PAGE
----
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Xenophobia and Distribution in France: A Politico-economic Analysis

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Abstract

Anti-immigrant feeling (xenophobia) among voters has been proposed as a key factor explaining why, in the 2002 French national election, Jean Le Pen’s National Front Party won second place. Here, we study the effect of anti-immigrant sentiments among voters on the equilibrium position of political parties on the economic issue, which we take to be the size of the public sector. We model political competition among three parties (Left, Right, and Extreme Right) on a two-dimensional policy space (public sector size, immigration issue) using the PUNE model. We calibrate the model to French data for the election years 1988 and 2002, and show that politics have changed significantly over this period, from being centered primarily on economic issues to being centered on non-economic issues such as the immigration and security/law and order. We estimate that in 2002, the effect of voter xenophobia was to reduce the voters’ choice of public-sector size between 7% and 51% of one standard deviation of the population’s distribution of public-sector size ideal points, from what it would have been, absent xenophobia.

Suggested Citation

  • John E. Roemer & Karen Van der Straeten, 2004. "Xenophobia and Distribution in France: A Politico-economic Analysis," Cowles Foundation Discussion Papers 1478, Cowles Foundation for Research in Economics, Yale University.
  • Handle: RePEc:cwl:cwldpp:1478
    Note: CFP 1164.
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    File URL: http://cowles.yale.edu/sites/default/files/files/pub/d14/d1478.pdf
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    1. Lee, Woojin & Roemer, John E., 2006. "Racism and redistribution in the United States: A solution to the problem of American exceptionalism," Journal of Public Economics, Elsevier, vol. 90(6-7), pages 1027-1052, August.
    2. Assar Lindbeck & Jörgen Weibull, 1987. "Balanced-budget redistribution as the outcome of political competition," Public Choice, Springer, vol. 52(3), pages 273-297, January.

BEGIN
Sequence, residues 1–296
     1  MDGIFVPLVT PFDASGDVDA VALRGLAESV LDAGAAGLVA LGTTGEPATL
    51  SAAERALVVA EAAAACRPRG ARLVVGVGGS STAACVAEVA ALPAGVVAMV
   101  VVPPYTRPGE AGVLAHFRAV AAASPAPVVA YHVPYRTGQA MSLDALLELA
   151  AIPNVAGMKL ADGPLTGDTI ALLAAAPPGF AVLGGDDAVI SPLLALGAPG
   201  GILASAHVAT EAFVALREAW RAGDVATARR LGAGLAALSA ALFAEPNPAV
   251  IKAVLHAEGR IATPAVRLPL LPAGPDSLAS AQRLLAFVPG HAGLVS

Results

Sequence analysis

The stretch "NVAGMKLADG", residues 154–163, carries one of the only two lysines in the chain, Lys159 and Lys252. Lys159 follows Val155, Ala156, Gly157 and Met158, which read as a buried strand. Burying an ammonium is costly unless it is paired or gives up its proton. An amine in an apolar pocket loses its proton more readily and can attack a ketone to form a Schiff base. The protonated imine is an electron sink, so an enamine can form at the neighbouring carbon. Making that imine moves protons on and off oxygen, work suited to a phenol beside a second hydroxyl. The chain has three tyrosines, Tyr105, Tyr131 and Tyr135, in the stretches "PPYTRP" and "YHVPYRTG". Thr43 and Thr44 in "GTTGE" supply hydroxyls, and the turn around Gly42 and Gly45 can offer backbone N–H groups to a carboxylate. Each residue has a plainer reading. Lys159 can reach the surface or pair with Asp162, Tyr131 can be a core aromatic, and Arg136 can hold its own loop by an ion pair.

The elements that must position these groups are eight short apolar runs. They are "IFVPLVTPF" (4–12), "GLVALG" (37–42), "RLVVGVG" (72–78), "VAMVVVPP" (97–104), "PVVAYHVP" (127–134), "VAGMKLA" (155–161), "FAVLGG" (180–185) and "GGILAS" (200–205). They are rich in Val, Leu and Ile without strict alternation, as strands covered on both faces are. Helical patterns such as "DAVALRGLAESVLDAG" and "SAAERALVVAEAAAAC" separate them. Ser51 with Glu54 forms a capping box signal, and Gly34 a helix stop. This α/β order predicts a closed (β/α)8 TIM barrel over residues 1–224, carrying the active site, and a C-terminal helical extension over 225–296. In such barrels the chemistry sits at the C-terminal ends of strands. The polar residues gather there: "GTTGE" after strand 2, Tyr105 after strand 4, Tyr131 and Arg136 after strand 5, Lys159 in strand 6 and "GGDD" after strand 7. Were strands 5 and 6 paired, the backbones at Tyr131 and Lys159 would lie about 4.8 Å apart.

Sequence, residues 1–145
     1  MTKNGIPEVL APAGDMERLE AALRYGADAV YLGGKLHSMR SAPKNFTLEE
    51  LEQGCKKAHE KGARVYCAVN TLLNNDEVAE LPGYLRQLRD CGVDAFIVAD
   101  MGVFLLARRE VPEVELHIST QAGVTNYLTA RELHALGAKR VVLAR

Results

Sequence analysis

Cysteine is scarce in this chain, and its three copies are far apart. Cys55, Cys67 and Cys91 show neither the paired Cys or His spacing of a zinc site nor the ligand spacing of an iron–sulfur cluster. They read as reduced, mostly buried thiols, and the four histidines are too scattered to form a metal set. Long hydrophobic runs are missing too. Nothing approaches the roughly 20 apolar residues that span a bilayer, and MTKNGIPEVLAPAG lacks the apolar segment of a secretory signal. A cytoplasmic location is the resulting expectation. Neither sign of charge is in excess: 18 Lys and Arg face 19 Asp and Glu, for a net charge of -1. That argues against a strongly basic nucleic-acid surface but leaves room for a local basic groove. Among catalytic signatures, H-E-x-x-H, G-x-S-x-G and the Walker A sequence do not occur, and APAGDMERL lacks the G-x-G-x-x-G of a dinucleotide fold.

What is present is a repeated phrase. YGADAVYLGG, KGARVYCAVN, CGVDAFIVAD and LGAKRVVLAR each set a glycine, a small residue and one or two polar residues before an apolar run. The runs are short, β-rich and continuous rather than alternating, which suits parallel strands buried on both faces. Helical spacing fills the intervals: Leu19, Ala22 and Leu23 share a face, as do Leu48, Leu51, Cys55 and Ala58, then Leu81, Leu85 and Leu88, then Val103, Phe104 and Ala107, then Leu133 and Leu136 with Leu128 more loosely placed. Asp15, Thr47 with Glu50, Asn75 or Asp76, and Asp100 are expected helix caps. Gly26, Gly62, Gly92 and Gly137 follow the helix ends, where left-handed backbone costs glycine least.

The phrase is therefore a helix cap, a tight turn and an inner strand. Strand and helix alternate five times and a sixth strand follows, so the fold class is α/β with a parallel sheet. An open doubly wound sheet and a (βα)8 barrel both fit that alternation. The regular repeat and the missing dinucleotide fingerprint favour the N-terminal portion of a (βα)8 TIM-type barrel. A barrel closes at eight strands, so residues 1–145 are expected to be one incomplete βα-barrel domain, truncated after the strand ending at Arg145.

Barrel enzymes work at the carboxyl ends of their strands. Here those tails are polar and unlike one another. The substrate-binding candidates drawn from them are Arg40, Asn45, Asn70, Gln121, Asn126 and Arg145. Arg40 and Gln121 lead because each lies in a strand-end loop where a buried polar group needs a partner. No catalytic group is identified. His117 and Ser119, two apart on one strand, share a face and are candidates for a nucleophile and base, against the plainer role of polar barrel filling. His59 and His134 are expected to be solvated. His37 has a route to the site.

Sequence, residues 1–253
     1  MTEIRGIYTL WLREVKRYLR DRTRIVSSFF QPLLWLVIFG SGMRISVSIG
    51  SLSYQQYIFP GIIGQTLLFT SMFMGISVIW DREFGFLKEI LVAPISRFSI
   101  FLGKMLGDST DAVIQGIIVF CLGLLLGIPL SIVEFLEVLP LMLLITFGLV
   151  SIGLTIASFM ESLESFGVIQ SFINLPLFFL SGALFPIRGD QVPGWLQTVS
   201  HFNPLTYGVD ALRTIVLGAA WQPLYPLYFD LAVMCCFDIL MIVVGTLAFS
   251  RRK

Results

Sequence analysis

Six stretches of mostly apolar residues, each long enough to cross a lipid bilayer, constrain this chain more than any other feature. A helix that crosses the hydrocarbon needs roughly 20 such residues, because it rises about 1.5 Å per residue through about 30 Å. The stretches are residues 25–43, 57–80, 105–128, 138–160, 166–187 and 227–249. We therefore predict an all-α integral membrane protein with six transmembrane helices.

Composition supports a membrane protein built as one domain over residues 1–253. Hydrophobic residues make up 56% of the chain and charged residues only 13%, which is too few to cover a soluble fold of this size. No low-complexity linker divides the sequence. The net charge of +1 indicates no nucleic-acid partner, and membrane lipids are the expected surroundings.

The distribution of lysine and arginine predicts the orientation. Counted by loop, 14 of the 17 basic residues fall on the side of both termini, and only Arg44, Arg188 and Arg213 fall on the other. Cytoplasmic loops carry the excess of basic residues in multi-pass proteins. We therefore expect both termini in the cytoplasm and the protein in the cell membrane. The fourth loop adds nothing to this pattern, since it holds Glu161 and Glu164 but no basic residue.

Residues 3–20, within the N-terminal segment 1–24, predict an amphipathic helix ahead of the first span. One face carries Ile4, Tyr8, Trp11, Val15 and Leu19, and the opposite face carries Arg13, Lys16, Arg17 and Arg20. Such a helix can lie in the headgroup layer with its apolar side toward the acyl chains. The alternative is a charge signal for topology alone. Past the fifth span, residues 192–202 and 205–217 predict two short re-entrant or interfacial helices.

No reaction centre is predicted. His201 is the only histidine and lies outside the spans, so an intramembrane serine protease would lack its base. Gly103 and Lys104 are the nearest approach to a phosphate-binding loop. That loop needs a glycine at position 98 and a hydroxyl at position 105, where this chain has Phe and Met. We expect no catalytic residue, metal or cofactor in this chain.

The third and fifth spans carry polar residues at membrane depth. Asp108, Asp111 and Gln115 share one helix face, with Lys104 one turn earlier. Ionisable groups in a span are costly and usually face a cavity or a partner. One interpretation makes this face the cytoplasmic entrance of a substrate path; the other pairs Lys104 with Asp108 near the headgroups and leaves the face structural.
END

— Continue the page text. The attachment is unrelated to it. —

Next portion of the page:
3. David Austen-Smith & Michael Wallerstein, 2003. "Redistribution in a Divided Society," Discussion Papers 1362, Northwestern University, Center for Mathematical Studies in Economics and Management Science.
    4. Alberto Alesina & Edward Glaeser & Bruce Sacerdote, 2001. "Why Doesn't The US Have a European-Style Welfare State?," Harvard Institute of Economic Research Working Papers 1933, Harvard - Institute of Economic Research.
    5. Jack High (ed.), 2001. "Competition," Books, Edward Elgar Publishing, number 1751.
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    Cited by:

    1. Anesi, Vincent & De Donder, Philippe, 2007. "Party Formation and Racism," CEPR Discussion Papers 6281, C.E.P.R. Discussion Papers.
    2. Erik Lindqvist & Robert Östling, 2013. "Identity and redistribution," Public Choice, Springer, vol. 155(3), pages 469-491, June.
    3. Holger Stichnoth, 2010. "Does Immigration Weaken Natives' Support for the Welfare State?: Evidence from Germany," SOEPpapers on Multidisciplinary Panel Data Research 272, DIW Berlin, The German Socio-Economic Panel (SOEP).
    4. Holger Stichnoth, 2012. "Does immigration weaken natives’ support for the unemployed? Evidence from Germany," Public Choice, Springer, vol. 151(3), pages 631-654, June.

    More about this item

    Keywords

    Xenophobia; Racism; Distribution; Political equilibrium;

    JEL classification:

    • D72 - Microeconomics - - Analysis of Collective Decision-Making - - - Political Processes: Rent-seeking, Lobbying, Elections, Legislatures, and Voting Behavior

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